TO JERUSALEM Mark 10–11
“Blessed is the coming kingdom of our father David!” (Mark 11:10)Christ was acclaimed entering Jerusalem. But many incidents revealed He was not esteemed for Himself.
Persistent unbelief is illustrated by the Pharisees (10:1–12) and a wealthy young man (vv. 17–31), whom Mark contrasted with little children (vv. 13–16). Jesus’ prediction of His death (vv. 32–34) was ignored by His ambitious disciples (vv. 35–45), who had to be shown the nature of servanthood (vv. 46–52). Jesus was enthusiastically welcomed in Jerusalem (11:1–11), drove merchants from the temple (vv. 12–19), and on the way out of the city commented on the power of prayer (vv. 20–26). The next day He refused to explain His authority to hostile leaders (vv. 27–33).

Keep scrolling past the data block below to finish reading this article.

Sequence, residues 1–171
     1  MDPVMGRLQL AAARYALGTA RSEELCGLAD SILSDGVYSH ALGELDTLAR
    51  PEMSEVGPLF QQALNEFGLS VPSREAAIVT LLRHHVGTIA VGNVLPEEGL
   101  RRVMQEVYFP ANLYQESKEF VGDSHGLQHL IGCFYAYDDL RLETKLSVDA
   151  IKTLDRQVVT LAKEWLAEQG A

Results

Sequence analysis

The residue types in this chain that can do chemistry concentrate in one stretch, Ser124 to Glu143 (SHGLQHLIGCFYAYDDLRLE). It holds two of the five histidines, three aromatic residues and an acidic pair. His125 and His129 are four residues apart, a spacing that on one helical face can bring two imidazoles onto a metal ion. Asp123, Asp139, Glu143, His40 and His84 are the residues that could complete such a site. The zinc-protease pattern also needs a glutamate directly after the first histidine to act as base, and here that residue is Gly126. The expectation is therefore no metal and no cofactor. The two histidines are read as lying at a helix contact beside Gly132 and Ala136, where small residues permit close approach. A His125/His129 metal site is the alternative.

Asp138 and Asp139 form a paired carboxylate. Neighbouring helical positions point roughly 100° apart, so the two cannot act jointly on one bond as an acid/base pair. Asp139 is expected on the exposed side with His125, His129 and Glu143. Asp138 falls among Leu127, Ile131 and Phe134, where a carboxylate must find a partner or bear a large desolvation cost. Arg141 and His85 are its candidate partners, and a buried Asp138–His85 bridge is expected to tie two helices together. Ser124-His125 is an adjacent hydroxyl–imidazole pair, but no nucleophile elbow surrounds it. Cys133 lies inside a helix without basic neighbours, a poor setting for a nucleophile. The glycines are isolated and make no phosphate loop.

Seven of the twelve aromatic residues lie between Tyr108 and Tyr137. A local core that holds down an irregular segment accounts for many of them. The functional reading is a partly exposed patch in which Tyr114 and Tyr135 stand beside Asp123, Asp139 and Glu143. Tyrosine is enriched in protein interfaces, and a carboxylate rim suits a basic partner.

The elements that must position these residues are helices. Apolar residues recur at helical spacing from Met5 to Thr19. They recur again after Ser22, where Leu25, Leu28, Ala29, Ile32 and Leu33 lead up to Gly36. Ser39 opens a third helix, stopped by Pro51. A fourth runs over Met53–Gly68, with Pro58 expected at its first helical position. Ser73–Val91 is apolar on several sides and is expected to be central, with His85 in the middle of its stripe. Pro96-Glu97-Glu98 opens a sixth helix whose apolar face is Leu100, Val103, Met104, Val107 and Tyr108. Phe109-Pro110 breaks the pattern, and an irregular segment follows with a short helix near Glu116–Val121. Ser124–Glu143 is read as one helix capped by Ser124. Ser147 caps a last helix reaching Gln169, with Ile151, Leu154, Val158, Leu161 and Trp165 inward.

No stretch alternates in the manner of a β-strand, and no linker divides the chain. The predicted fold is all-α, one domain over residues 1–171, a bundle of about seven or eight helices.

Understanding the Text